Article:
The basic issue in Container Corp. was whether guarantee fees paid by a U.S. corporation to its Mexican parent in respect of a debt guarantee provided by the parent should be treated as U.S.-source income (and therefore subject to withholding tax on payment to the Mexican parent). Because the rules for sourcing income don't address how guarantees are to be treated, the court framed its analysis as whether the guarantee fees were more like interest (which is sourced to the location of the borrower) or more like services (which are sourced to the location of the provider).
Ms. Sheppard excoriated Judge Holmes for even contemplating that a debt guarantee could be treated as a service. To her, it "[s]ounds pretty obvious" that the parent corporation was simply protecting its investment in the subsidiary, not providing a service to the subsidiary.
We previously discussed how the Wyden-Gregg bill proposes reducing interest deductions to the extent the interest simply compensates for inflation. Inflation affects tax calculations in two ways. First, it affects the dollar figures in the Code so that, for example, when your wages keep up with inflation, but you are pushed into a higher tax bracket, the resulting “bracket creep” is caused by inflation. Second, when the value of your investment simply keeps pace with inflation and does no better, you still recognize a “gain” when you sell it. Here, the measurement of real income has been distorted by inflation.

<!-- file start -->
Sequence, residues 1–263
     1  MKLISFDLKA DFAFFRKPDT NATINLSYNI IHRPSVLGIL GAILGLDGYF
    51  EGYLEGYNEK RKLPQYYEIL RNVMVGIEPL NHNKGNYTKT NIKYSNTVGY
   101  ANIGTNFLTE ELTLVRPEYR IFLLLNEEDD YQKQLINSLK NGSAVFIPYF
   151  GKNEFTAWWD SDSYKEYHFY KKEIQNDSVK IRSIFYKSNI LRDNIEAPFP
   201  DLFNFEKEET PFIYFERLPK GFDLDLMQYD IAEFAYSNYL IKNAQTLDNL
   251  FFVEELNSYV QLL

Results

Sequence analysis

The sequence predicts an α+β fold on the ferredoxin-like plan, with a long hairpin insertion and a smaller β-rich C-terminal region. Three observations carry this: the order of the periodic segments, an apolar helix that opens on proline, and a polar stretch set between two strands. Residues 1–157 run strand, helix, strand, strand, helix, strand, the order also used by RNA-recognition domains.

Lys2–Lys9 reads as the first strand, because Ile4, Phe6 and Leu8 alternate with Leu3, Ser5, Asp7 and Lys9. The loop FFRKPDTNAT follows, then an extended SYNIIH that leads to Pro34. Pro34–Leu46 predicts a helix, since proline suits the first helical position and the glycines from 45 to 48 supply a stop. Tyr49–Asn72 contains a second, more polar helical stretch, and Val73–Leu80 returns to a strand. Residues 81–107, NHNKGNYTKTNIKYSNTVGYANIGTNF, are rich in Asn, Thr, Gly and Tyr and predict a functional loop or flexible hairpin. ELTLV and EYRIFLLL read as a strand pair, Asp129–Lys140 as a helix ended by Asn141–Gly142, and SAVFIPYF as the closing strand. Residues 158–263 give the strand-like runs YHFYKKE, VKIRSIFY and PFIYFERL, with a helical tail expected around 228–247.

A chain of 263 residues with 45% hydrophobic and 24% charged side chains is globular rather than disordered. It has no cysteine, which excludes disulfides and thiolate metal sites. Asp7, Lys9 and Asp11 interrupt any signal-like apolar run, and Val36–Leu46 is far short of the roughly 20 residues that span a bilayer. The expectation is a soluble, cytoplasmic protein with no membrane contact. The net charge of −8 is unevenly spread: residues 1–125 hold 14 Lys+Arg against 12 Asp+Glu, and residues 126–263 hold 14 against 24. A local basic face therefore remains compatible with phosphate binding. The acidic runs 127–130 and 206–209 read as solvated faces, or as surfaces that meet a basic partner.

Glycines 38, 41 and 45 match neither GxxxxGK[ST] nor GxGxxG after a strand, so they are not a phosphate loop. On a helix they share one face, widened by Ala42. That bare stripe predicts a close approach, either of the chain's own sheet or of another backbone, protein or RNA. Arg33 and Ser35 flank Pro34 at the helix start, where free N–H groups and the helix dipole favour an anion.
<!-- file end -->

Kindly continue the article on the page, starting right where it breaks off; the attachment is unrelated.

Many “bracket creep” issues are taken care of through section 1(f) of the Code, which adjusts dollar amounts in the Code to account for inflation. But the Code has not generally corrected for the effects of inflation on the measurement of income. A proposal made by the Treasury after the 1984 election would have broadly attacked the effects of inflation on income measurement.
To see an example illustrating the two ways inflation affects tax calculations as well as further discussion of the 1984 Treasury proposals, keep reading.